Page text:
On a beautiful, bright and sunny Spring New York City day in April 2018, I received the phone call I knew was coming: “My father did not have long to live.” While none of us are ever prepared to see our loved ones die, this call was not a pure shock because, over the last year, I watched my dad’s health steadily decline.
If we just turn back the clock just a mere 18 months, Dad was doing reasonably well considering his ongoing health problems with kidney disease, diabetes, cholesterol and weight. In April 2017, my darling husband threw me an epic birthday bash in Miami, Florida. Over the 4-day celebration, my father shared in every aspect of the fun including walking out to the beach party to hang in a cabana, enjoying several cocktails and delivering a father-daughter speech that left no dry eye.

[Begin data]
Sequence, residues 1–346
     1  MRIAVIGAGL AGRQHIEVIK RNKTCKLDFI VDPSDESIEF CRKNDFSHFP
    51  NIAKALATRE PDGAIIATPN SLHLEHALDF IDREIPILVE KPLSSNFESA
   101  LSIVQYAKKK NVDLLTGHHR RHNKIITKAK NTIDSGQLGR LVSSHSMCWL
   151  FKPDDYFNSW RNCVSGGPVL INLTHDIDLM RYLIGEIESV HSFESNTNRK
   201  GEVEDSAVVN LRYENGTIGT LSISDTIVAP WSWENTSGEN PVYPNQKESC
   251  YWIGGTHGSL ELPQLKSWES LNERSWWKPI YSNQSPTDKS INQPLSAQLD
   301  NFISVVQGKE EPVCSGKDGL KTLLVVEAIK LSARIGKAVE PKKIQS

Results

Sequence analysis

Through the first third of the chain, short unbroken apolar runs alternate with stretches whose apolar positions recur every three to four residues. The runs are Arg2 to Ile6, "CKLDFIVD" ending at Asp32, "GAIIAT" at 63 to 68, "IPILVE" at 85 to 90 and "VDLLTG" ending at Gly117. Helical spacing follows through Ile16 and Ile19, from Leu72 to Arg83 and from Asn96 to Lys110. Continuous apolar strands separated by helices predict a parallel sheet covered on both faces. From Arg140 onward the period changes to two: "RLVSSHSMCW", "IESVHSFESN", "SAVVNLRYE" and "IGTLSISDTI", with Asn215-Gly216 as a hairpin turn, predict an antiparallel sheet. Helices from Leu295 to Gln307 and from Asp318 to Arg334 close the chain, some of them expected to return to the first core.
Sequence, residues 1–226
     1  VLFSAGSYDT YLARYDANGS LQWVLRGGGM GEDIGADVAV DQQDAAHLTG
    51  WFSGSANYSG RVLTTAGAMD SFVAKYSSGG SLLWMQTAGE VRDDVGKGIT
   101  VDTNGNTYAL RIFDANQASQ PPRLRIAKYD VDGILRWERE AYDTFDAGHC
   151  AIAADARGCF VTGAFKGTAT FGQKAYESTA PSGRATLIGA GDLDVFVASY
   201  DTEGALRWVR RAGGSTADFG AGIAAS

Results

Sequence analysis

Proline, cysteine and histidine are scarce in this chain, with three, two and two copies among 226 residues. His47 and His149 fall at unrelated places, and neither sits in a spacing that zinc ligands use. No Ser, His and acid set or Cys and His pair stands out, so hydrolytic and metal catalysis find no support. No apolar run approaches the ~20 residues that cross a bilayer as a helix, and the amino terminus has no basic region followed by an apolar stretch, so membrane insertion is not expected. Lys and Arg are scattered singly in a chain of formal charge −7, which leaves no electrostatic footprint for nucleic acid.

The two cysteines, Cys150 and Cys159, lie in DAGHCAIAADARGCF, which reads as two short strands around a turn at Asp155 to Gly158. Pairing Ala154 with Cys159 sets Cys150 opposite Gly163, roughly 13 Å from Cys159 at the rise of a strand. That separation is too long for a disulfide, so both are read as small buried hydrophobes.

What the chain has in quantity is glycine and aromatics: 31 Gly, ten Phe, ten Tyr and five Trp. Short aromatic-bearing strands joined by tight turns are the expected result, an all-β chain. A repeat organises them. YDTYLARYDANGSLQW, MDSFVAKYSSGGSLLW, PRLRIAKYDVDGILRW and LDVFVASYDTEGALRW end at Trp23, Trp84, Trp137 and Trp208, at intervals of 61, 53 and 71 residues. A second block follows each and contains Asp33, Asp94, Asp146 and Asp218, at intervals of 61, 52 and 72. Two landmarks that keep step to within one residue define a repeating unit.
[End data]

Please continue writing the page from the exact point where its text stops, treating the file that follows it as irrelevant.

A few months later, in June 2017, on Father’s Day, we surprised him and my step-mom in Chicago with dinner, a stay at a fancy hotel and really just our presence. Although we had a great time on that trip, I took note of his slower gait and that he couldn’t walk more than a short city block.
Later that same summer in August, Dad endured another long hospital stay where we thought he had caught pneumonia yet again. Around that time, I was booked on a short trip to Paris with friends and also had my annual Martha’s Vineyard family vacation scheduled. For years, my dad’s health had been declining so the question was always “Do I stay or do I go?”